It’s all quite confusing here still. Learning a little Chinese doesn’t really prepare you for a place where you can read nothing and nobody speaks any English….and this is the capital city. I believe that Chinese kids learn English from the age of 8 or so. Well the TV show about the “Chinese way of education” obviously was a red herring. From my experiences at my work and what I have seen here the facts are that their way of learning languages definitely doesn’t work. Not that I’m counting on being helped, and have tried, but I don’t know enough to negotiate a deal on a SIM card, and can’t read the signs in the station to find out where to pick up my ticket.
Many prejudices have been confirmed. It is a poor place and my students represent a very small section of Chinese society, a section I haven’t even encounters here. The society I have seen live in the hutong. These are grey brick and cement alleys with houses arranged around wiggly courtyards, some behind heavy teed doors. Inside each of these pasted to the walls are, I believe housing committee orders. The yards are often piled up with old pieces of furniture, broken bicycles and strung with drying laundry. It’s a hot and dusty place, with a grimy layer of grey dust adhered to everything, even the statues at the temples. I guess this is pollution. The air feels superheated and sticky, this must be the greenhouse effect. Old guys sit on boxes outside their gates, often shirtless or with their t-shirts pulled up to expose them. A crude way to keep cool. Some of them pass the time playing Chinese chess, the women sit with their poodles, smoking and playing cards opposite their shops. It’s not as loud as I imagined. People don’t shout, and travel around on electric motorbikes ( how can this be?). Bikes are a plenty, so are motor tricycles. It’s not a hostile or suspicious en place, but people don’t smile back and rarely return my “ni hao”. I’m not sure if they are aware of me, a rare white devil in these parts, or that they choose to ignore me. There is no calling out or efforts to sell me anything. Such a contrast with elsewhere in Asia.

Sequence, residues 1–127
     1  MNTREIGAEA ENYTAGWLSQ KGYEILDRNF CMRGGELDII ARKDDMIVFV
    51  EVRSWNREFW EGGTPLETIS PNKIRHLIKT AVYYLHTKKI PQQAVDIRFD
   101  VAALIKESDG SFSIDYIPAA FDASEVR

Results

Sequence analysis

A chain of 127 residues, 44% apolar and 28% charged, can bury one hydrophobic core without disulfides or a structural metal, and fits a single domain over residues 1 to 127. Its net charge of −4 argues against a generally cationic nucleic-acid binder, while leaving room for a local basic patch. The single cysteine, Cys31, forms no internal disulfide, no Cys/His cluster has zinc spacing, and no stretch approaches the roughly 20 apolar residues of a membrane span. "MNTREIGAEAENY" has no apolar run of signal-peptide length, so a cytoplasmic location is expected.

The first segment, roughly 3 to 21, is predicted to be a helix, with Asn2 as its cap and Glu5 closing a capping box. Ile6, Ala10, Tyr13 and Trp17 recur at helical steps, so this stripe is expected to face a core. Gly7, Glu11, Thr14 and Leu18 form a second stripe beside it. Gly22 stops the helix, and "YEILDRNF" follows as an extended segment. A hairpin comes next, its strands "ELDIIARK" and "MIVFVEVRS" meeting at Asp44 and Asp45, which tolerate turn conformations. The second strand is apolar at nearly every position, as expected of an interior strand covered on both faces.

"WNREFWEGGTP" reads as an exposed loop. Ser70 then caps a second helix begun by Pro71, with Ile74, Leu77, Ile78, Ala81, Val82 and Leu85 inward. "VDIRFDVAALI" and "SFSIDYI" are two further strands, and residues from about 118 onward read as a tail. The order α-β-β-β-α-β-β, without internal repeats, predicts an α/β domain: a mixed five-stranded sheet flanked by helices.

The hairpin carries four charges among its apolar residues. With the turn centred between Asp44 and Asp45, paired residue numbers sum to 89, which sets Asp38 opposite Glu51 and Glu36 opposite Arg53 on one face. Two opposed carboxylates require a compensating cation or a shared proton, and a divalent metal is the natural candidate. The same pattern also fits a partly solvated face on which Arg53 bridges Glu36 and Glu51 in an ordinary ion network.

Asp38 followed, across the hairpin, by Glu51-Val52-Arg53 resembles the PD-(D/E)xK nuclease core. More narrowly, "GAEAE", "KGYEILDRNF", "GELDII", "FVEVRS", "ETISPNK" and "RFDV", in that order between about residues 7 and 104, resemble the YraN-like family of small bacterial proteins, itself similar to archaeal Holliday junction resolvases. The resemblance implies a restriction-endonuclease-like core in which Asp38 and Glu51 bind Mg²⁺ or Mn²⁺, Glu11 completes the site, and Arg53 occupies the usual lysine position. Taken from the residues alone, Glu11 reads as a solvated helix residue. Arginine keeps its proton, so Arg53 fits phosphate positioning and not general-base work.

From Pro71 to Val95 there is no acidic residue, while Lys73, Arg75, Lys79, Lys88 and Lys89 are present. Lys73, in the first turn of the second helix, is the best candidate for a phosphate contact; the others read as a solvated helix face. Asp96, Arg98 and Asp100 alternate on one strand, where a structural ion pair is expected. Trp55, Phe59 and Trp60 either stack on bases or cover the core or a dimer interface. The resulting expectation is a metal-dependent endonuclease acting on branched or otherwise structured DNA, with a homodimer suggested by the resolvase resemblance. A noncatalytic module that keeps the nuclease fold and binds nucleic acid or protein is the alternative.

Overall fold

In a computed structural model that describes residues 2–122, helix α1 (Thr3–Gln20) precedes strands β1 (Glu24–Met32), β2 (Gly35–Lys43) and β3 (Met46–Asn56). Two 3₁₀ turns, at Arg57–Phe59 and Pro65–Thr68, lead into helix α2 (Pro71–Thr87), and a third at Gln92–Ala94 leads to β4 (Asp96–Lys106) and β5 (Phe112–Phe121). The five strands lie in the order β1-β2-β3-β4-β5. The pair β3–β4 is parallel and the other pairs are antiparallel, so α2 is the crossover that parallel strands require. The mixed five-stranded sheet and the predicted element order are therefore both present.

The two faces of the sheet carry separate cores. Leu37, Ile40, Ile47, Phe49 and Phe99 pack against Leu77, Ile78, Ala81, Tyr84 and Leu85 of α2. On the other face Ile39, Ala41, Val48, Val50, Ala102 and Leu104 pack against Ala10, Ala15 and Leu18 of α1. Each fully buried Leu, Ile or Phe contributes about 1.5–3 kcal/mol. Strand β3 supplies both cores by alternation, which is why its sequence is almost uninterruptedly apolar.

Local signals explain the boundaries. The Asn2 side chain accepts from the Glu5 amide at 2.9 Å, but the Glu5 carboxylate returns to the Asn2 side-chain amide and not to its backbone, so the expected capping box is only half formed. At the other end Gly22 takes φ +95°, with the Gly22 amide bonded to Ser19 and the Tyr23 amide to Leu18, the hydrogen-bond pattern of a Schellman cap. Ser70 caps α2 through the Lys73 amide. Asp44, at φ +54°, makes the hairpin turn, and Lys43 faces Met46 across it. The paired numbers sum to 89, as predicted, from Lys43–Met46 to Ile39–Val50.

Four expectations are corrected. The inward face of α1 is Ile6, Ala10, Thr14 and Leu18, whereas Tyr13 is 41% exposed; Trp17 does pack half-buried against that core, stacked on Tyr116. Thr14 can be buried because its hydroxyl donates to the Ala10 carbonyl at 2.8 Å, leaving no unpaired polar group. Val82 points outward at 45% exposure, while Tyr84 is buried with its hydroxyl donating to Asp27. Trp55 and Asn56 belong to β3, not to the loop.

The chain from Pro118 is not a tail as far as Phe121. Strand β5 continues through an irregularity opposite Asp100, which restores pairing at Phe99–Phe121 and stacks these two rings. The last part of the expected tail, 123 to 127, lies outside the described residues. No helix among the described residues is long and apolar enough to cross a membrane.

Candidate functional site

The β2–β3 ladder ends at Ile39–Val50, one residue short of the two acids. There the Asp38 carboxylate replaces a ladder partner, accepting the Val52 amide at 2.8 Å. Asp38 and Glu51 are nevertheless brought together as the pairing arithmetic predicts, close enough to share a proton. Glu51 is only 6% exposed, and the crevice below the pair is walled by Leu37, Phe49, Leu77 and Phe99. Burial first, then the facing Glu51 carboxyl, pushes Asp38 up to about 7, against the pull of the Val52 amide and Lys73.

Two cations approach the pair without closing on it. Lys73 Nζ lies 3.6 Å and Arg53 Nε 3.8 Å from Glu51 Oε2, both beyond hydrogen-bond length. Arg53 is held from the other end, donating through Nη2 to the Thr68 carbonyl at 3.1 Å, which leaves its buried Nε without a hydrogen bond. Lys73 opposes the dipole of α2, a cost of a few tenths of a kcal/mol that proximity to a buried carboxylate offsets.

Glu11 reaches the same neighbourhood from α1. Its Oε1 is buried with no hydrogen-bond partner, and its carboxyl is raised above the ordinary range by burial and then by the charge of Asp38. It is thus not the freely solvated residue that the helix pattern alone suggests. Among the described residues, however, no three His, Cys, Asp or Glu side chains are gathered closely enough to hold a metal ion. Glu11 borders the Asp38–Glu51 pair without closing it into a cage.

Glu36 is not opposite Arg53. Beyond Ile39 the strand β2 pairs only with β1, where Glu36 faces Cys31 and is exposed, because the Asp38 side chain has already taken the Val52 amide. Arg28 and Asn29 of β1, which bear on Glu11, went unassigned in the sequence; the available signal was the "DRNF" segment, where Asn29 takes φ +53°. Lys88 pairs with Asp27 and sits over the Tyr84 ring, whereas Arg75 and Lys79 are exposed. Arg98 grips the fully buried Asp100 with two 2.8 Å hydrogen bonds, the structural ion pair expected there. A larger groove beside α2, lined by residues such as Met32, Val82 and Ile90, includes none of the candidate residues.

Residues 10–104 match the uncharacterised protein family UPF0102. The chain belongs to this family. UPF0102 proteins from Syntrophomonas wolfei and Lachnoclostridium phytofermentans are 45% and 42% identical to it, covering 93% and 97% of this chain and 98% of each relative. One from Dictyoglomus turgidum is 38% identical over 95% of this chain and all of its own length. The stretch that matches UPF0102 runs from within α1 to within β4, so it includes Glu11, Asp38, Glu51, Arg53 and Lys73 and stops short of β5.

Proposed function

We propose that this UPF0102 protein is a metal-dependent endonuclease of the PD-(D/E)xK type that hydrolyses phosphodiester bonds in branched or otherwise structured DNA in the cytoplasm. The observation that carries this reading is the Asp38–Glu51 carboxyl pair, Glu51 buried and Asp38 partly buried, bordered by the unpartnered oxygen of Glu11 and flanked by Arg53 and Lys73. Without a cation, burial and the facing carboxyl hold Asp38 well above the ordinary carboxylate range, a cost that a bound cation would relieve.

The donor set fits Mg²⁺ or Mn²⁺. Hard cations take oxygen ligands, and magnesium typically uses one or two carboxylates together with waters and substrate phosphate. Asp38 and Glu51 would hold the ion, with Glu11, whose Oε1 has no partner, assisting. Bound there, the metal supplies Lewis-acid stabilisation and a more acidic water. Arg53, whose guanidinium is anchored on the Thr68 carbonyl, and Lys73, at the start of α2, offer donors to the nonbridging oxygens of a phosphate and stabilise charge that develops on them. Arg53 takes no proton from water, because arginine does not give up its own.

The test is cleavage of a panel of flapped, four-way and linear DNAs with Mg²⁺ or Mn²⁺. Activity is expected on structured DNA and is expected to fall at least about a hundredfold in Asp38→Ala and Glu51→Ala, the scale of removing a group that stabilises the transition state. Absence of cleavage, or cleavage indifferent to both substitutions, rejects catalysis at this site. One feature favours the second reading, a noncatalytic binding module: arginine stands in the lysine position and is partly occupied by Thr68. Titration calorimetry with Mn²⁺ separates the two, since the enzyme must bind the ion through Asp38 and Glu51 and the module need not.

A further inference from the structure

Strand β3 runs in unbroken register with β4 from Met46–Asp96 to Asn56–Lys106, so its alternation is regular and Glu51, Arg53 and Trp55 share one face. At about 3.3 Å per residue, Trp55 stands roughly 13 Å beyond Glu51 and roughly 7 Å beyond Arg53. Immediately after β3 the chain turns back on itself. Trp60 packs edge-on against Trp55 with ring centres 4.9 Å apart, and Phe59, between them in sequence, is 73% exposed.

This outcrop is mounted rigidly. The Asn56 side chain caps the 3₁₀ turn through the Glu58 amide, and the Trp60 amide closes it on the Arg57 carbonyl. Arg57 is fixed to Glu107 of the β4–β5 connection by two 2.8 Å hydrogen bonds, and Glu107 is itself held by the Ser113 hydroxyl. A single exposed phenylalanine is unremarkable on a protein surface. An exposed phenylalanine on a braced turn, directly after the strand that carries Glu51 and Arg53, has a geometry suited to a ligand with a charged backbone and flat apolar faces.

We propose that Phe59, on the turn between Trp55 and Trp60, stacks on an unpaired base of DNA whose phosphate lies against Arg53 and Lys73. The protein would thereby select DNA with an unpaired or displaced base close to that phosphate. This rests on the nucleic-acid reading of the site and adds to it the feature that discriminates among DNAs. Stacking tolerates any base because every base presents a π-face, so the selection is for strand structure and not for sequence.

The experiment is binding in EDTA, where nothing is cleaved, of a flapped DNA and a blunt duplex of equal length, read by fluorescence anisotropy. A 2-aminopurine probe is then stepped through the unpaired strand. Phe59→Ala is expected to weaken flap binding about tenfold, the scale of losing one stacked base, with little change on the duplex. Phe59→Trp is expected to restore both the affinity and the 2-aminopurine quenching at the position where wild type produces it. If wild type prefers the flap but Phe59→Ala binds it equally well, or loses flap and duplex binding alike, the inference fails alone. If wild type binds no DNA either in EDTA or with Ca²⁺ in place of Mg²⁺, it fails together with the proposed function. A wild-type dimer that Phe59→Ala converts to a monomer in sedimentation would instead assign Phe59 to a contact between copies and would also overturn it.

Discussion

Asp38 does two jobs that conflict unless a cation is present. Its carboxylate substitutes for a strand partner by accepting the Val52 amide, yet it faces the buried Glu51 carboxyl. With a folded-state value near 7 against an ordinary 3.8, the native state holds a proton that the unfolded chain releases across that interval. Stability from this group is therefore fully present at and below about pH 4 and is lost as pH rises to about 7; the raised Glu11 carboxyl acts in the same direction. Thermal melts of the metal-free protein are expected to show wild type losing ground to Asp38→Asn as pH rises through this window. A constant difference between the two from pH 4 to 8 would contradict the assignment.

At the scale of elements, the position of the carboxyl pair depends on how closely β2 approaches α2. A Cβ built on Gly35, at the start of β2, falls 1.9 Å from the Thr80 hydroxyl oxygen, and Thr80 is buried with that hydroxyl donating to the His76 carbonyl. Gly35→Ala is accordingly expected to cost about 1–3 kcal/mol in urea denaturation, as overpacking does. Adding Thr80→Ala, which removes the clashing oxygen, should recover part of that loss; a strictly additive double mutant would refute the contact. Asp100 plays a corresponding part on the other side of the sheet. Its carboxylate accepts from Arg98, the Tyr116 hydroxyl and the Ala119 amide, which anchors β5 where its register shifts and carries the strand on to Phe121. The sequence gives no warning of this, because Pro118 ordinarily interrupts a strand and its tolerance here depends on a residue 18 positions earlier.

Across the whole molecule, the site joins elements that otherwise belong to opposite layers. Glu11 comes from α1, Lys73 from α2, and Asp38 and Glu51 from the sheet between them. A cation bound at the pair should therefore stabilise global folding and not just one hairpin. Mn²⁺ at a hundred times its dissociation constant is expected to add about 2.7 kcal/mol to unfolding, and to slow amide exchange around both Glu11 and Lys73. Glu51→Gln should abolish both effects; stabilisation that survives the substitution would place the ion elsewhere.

I’ve been to some temples. The confuscious one was disappointing, and more a museum to a dead way of thinking. That’s certainly how it was described in the adjoining museum. Mao put the final nail in its coffin I guess, but no mention of this in the museum of course. What I thought would be a tranquil visit was annoyingly soundtracked by Chinese guides jabbering on headset mics. Do they really need to be this loud, and why do they seem to be following me?
The lama temple was a more religious experience, with people burning incense sticks and bowing, though even this didn’t feel too spiritual. Across the road at night time people burn piles of fake money and prayers as sacrifices.
Tiananmen Square was unreachable, with a heavy military and police presence cutting off pedestrian access on the eve of the parade to commemorate the end of ww2. Many of these uniforms look very young, like school boys with their happiness extracted and replaced with a cold empty communist stare of contempt and surveillance state. The presence of control can be felt all over the place. Every subway station has a scanner for bags, in front of each exit on a platform stand pairs of green garbed, large capped soldiers. Each platform has a guard on a set of steps marshalling passengers. On the enormous square in front of Beijing west railway station police stand under special police parasols, pairs of soldiers dotted around. Here people seem to have been waiting for trains forever, or they live here. Thousands of families, peasants with sacks stuffed full of god knows what lie, sleep, sit, squat as throngs of passengers pass through this colossal communist edifice. It’s an intimidating and confusing place and makes very little sense. Absolutely no comparison with a British station. I didn’t once see a platform or train. I guess they are here somewhere. In spite of this heavy surveillance, it all seems very benign. Nobody gets hassled, I’m not stopped from taking pictures. I think the presence is so normal, that everybody is used to it, and therefore won’t step out of line, or whatever they are not supposed to do here. I did see them rush into action close to tiananamen when a woman started shouting hysterically at some guy. 4 or 5 uniforms rushed over, but actually were more interested in stopping people from gathering and watching. I reckon that they are more fearful of crowds assembling than some crazy woman. They never did sot out her problem. I have to say this was so unusual, as the Chinese don’t ever draw attention to themselves.
The internet is the other thing that reeks of over zealousness. I can access very few of the sites I want to, including blogs, file share sites and social media. It really makes you aware of how little information is available here.
I tried to get a bus earlier and ran into a number of problems. First the timetable. It made no sense, plus of course I couldn’t read it. I did ask a guy to help and he explained patiently, but I couldn’t understand very much at all. Then I realised that tickets can’t be bought on the bus. So where? I should have bought a travel card, but didn’t due to poor advice. When the bus finally did come, it was rammed packed, so I aborted my mission.